In March 1918, Bolshevik Russia signed the Treaty of Brest-Litovsk with the Central Powers ending the Great War on the Eastern Front. This freed up Germany for Operation Michael and a last great Spring Offensive on the Western Front.
The German Empire began their Kaiserschlacht on 21 March 1918, with the first of four offensive operations. The global conflict that had begun in late summer 1914 had turned into a war of attrition and Germany was having an increasingly difficult time with food and supplies. After defeating Russia, the Austria-Hungary Empire was occupied on the Italian Front and in occupation of Romania, leaving Germany to fight the Western Front in Flanders and France. With the American entry in 1917, it became clear to the German High Command that decisive action was necessary before U.S. troops became a decisive factor. And almost a year after President Wilson’s declaration of War, the U.S. Army was just getting mobilized in France, the main theater of the Western Front.
The German army had also adopted training and tactics that had proven successful against the Russian army on the Eastern Front. For example, new elite Stormtrooper (Stoßtruppen) assault troop units specialized in small, fast-moving infiltration tactics, by-passing heavily defended infantry positions to cut communications and supply lines. British and French troops, by contrast, had been bogged down in trench warfare along the 300 mile long Hindenburg Line since the winter of 1916, with little opportunity for innovation.
The 21st of March was a Thursday in 1918. At 4:30 in the morning, the Germans opened an artillery bombardment on British positions at Saint-Quentin, in the Aisne area of northern France. This area, along with Somme and Pas-de-Calais areas in the modern Hauts-de-France region, had been devastated in the Battle of the Somme in 1916. The bombardment spread with mortars, mustard gas, chlorine gas, tear gas and smoke canisters filling the foggy day along a 40 mile front. The objective was to isolate the British from the French and force a British withdrawal back across the Channel. On the first day, the Germans gained ground. Friday and Saturday (22-23 March) were also foggy, and British troops fell back in fighting retreats to maintain communications. The lines were badly fragmented by Sunday the 24th and Monday the 25th, and some British units along the Somme retreated with the French army. The French were increasingly concerned with defending routes to the capital in Paris, which was in range of German long-range artillery.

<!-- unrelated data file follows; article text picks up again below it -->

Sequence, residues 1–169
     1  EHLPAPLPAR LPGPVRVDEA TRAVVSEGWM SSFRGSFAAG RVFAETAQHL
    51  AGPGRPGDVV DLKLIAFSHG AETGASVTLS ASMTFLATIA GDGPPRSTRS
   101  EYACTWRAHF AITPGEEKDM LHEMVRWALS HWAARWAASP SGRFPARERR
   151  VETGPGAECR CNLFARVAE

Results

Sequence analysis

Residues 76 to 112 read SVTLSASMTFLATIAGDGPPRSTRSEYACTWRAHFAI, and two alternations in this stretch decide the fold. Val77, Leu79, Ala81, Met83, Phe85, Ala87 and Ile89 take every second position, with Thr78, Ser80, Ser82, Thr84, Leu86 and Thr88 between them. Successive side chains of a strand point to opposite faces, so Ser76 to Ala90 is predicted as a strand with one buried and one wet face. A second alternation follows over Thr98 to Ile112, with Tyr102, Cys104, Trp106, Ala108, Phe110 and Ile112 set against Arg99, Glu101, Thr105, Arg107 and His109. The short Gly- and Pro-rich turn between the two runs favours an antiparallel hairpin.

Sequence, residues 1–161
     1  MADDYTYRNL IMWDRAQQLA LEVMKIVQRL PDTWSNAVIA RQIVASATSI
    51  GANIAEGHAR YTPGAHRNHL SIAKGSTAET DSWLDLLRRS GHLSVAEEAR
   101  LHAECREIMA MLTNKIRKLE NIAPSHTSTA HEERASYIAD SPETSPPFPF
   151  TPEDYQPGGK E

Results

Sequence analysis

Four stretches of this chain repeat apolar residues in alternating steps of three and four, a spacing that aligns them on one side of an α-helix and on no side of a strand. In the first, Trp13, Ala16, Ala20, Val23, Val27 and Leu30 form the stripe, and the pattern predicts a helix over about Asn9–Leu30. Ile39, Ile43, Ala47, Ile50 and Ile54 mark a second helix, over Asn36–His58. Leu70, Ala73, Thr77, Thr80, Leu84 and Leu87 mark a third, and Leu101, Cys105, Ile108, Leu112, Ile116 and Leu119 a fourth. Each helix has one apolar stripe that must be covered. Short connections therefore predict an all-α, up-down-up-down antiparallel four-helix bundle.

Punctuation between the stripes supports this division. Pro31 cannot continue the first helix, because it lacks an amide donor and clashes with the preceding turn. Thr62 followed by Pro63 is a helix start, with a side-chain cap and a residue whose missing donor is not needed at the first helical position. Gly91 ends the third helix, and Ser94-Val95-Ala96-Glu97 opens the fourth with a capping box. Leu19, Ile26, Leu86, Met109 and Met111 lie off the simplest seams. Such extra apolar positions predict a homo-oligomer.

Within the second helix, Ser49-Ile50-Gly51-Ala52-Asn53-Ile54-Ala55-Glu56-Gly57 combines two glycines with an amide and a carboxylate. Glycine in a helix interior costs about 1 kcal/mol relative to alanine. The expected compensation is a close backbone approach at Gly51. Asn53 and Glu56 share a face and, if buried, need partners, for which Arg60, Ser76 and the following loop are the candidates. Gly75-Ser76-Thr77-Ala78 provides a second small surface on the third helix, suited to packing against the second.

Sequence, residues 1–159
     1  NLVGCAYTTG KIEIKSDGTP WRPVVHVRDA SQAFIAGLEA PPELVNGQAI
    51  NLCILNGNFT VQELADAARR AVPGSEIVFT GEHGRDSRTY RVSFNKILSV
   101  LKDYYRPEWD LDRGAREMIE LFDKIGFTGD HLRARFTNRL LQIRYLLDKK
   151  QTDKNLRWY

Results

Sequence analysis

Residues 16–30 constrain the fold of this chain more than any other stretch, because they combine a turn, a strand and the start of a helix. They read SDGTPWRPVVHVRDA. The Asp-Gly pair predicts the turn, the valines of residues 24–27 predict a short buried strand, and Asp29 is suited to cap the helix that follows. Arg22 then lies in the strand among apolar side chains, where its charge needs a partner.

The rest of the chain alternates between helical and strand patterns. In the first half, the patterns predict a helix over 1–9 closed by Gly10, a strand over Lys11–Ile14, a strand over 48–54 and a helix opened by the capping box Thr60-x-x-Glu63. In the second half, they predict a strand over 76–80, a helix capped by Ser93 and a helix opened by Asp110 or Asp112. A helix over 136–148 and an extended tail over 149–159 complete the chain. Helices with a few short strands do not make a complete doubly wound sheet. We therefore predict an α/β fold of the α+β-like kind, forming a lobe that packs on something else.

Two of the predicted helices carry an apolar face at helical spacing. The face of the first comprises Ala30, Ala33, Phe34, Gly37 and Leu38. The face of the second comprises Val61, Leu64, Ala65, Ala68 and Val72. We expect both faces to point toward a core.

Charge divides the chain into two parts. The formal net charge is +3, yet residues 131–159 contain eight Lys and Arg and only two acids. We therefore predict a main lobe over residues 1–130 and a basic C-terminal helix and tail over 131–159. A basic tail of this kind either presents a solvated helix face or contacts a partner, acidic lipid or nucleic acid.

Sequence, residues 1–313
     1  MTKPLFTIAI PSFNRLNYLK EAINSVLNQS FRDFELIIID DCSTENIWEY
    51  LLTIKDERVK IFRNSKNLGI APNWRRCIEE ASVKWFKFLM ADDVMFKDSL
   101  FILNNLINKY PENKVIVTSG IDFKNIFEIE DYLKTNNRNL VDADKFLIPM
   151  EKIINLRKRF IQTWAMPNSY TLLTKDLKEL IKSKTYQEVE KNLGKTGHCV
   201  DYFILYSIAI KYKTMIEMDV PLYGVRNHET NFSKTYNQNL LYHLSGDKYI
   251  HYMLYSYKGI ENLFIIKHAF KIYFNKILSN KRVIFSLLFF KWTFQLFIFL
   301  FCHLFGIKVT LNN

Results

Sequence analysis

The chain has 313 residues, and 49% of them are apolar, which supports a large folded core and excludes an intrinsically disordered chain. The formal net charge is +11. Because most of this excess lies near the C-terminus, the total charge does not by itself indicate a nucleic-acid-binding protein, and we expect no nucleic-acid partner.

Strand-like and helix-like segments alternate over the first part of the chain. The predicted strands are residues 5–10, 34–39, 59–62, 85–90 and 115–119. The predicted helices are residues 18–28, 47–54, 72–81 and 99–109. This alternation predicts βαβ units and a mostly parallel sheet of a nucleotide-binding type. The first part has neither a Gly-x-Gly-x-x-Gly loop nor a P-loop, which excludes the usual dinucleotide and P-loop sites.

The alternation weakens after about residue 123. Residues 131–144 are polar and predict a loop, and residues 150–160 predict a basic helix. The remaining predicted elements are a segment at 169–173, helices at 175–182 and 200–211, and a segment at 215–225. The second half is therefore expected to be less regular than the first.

On Tuesday the 26th of March, leading French and British leaders (including Winston Churchill) met at the Doullens Conference in an attempt to form a more unified command. French General Ferdinand Foch was tapped, officially given the title of Commander-in-Chief later, on 3 April, at Beauvais, including American forces and later Italian forces. Unified Allied command proved essential to defeating the Central Powers through the rest of 1918.
The Germans continued to advance over 26th-28th, advancing about 40 miles into France at one point, with a final assault coming Saturday the 30th on the French south of the Somme and on the British near Amiens, with fighting continuing through the 4th and 5th of April. While the German army had captured ground and gained morale, they had not achieved their strategic objectives. Both sides had about 250,000 casualties apiece, with little difference in situation. If anything, by being forced to accept unified command, the Allies came out stronger for their losses.
Operation Michael was followed by Georgette (Battle of Lys) in April, Blücher-Yorck (3rd Aisne) in late May, and Gneisenau in June, generally with slight German gains in territory with casualties comparable on both sides. However, by July the advantage swung to the Allies. The German Army had lost about 1,000,000 fighting men in the first 6 months of 1918 and faced ever increasing challenges with supplies. With the first major American action begun, the Allies recovered from the Spring Offensives and went on the counter-offensive that ultimately won World War I.